Analysts covering Brazil’s economy raised their forecast for 2013 inflation for the sixth straight week, as price pressures remain strong amid flagging growth.
Brazil’s consumer prices will rise 5.71 percent this year, according to the median estimate in a central bank survey of about 100 analysts published today. Analysts had forecast inflation of 5.68 percent the previous week.
President Dilma Rousseff’s administration is working to combat a mix of slowing growth and rising prices known as stagflation. The central bank estimates that Brazil’s economy expanded 1 percent last year, down from 2.7 percent in 2011, while annual inflation has run above the bank’s target for the past 29 months. To spur growth and tame price increases, the government has cut taxes on payrolls, consumer goods and electricity, pressured banks to boost lending and lowered the benchmark interest rate to a record 7.25 percent.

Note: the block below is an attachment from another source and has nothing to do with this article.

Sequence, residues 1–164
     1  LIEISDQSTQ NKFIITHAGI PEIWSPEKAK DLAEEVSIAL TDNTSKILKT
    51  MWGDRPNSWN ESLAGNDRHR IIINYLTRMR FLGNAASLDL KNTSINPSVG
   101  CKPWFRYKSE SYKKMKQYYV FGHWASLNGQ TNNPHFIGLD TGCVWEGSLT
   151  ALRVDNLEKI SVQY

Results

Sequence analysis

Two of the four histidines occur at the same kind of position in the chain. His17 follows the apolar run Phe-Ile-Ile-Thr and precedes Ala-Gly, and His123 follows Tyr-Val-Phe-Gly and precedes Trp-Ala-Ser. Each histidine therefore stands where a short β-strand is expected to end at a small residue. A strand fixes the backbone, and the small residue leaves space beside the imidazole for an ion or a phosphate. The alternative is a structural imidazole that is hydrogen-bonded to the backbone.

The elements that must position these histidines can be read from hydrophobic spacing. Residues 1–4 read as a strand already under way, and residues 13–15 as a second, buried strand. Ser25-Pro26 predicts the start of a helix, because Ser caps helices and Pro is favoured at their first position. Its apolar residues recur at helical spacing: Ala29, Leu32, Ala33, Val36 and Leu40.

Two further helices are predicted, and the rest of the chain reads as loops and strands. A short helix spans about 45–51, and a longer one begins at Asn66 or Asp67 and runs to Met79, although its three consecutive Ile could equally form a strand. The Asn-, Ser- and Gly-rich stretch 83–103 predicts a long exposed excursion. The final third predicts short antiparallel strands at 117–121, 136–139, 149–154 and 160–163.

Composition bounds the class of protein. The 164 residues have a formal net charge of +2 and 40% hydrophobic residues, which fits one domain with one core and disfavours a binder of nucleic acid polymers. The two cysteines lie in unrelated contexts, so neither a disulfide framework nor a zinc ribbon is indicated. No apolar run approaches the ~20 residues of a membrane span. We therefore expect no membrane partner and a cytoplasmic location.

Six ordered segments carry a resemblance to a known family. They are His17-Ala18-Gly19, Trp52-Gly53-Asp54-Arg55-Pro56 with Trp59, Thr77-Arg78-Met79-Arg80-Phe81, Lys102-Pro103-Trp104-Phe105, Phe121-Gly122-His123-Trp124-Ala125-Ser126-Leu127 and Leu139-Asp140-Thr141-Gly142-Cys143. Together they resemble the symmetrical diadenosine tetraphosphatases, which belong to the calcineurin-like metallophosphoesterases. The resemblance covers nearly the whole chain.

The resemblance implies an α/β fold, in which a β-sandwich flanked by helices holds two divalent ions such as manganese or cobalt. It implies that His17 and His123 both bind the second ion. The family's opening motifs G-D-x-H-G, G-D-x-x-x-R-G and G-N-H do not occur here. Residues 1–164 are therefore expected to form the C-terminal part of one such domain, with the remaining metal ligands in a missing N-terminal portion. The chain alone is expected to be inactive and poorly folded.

The measures have failed so far to slow inflation. Prices in January jumped from the month before by the most in almost eight years, and the annual increase reached 6.15 percent. Inflation is at a high level that requires attention, the central bank said on Feb. 7. Traders increased bets that policy makers will raise the Selic rate this year after the bank issued its statement. The bank targets inflation of 4.5 percent, plus or minus two percentage points.
Analysts in the survey lowered their forecast for economic growth this year to 3.09 percent from 3.10 percent the previous week and raised their prediction for growth in 2014 to 3.8 percent from 3.7 percent.
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